(Reuters) - The pandemic is still expanding but the rise in cases and deaths has slowed globally, the World Health Organization said, while a Hong Kong man and two European patients were confirmed to have been re-infected with the virus, raising concerns about people's immunity.
DEATHS AND INFECTIONS
* For an interactive graphic tracking the global spread, open https://tmsnrt.rs/3aIRuz7 in an external browser.
* For a U.S.-focused tracker with state-by-state and county map, open https://tmsnrt.rs/2w7hX9T in an external browser.
* Eikon users, see MacroVitals (cpurl://apps.cp./cms/?navid=1592404098) for a case tracker and summary of news.
* India recorded more than 60,000 cases of COVID-19 for the eighth day in a row, as total cases crossed 3.2 million.
* South Korea ordered doctors in the Seoul area to return to work as they began a three-day strike in protest of several government proposals.
* France reported 3,304 new infections on Tuesday, well below daily highs seen last week, though greater numbers of young adults are testing positive, many without showing symptoms.
* About 3,700 people in Sweden were told in error that they had the coronavirus due to a fault in a testing kit from China, the Public Health Agency said.
* The Irish government said there were clear breaches of COVID-19 public health guidelines during European Trade Commissioner Phil Hogan's recent trip to his native Ireland.
* Young people are driving the spread of the coronavirus in the Americas, the head of the Pan American Health Organization said on Tuesday, noting that both deaths and caseloads have doubled in the region over the past six weeks.
* General Motors Co and Ford Motor Co said they are close to completing production of ventilators ordered by the Trump administration and are ramping down or exiting the operations.
* Nursing homes in the United States will now be required to test staff for COVID-19 and offer testing to residents, the Centers for Medicare & Medicaid Services (CMS) said.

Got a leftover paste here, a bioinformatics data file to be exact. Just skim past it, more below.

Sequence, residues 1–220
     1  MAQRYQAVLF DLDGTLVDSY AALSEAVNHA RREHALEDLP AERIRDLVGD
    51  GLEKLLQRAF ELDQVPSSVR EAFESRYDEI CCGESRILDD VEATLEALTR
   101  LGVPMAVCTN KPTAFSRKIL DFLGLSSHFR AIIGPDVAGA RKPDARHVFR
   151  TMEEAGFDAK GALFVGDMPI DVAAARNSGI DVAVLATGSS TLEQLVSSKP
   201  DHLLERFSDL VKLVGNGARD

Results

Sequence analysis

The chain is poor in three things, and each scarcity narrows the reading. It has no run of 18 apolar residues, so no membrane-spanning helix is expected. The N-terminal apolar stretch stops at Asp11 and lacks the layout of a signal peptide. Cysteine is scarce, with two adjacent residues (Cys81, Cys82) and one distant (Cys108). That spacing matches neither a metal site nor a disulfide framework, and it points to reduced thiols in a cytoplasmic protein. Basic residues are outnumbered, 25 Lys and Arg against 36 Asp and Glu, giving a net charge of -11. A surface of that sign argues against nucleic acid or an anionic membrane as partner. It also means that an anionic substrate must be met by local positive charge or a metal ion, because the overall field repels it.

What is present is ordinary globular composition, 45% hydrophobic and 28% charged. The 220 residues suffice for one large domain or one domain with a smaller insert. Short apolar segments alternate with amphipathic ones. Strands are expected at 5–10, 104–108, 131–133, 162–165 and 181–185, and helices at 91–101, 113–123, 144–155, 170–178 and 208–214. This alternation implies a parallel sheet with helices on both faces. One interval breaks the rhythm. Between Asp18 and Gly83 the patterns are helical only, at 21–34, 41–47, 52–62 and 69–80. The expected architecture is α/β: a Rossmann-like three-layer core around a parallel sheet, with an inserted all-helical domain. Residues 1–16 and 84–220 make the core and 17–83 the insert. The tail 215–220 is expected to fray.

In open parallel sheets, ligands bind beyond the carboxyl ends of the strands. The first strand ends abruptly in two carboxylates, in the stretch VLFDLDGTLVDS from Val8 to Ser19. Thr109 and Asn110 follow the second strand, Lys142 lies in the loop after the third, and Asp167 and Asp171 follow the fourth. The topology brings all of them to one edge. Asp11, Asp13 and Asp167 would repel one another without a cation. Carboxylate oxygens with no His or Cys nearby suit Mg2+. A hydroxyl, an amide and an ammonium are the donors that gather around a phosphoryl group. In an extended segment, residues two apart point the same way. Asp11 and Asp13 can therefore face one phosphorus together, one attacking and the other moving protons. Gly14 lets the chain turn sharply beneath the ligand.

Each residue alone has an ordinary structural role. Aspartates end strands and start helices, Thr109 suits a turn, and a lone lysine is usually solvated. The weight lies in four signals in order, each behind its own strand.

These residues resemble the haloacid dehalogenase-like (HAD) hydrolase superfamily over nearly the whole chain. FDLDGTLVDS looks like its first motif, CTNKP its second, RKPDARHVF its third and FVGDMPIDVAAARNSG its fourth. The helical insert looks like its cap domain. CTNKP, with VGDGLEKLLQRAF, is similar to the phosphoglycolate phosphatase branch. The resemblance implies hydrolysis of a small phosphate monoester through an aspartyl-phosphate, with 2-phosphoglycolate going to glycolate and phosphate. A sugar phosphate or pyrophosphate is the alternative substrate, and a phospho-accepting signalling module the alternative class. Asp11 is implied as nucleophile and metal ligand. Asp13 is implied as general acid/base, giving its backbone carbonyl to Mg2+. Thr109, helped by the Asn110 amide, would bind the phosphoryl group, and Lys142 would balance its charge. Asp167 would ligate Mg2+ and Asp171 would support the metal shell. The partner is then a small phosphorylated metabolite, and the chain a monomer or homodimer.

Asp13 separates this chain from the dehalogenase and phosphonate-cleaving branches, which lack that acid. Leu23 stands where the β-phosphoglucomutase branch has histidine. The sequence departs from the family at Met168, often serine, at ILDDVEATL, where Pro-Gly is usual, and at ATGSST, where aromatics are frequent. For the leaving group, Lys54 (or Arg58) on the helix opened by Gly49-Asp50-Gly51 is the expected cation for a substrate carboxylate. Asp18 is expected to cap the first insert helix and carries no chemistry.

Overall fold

MIDDLE EAST AND AFRICA
* Gaza was in lockdown on Tuesday after the first cases of COVID-19 in the general population of the Palestinian enclave, whose restricted borders until now had helped spare it from an outbreak.
* Turkey's new infections of COVID-19 jumped on Tuesday to their highest level since mid-June.
* The University of Cambridge is aiming to start clinical trials of its possible coronavirus vaccine in the autumn after it received 1.9 million pounds ($2.5 million) in funding from the British government.
* Australian researchers hope to start human trials of a coronavirus antibody therapy in early 2021, while a large-scale trial of a vaccine could begin by the end of this year.
* Asian stocks eased from a two-year high, as a mixed bag of economic data had investors a touch more circumspect about the global recovery, while oil jumped after a hurricane disrupted output in the Gulf of Mexico.
* U.S. bank profits were down 70% from a year earlier in the second quarter of 2020, a regulator reported.
* Moody's downgraded Chile's outlook to negative due to economic hits from the pandemic and social pressures, but the ratings agency maintained its A1 rating.
(Compiled by Sarah Morland, Linda Pasquini, Uttaresh.V and Vinay Dwivedi; Edited by Anil D'Silva, Mark Heinrich and Shounak Dasgupta)